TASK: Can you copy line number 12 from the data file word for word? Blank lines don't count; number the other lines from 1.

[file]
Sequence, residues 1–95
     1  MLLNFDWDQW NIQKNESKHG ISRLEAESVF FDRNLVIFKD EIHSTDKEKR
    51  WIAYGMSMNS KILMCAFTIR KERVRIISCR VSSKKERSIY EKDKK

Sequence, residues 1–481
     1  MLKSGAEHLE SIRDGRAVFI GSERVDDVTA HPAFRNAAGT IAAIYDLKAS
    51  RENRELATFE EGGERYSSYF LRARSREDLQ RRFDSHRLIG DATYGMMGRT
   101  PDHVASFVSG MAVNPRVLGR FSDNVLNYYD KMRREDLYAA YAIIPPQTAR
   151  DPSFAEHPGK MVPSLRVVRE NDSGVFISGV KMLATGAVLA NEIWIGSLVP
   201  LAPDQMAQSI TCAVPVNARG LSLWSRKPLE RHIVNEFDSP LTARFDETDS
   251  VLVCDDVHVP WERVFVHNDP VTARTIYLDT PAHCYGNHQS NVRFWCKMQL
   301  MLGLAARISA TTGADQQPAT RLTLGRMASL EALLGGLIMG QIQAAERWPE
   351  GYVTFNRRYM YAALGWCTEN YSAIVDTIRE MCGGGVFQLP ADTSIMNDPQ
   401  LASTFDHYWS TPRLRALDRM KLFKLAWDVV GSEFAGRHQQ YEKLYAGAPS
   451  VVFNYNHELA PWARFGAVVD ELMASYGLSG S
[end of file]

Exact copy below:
   351  GYVTFNRRYM YAALGWCTEN YSAIVDTIRE MCGGGVFQLP ADTSIMNDPQ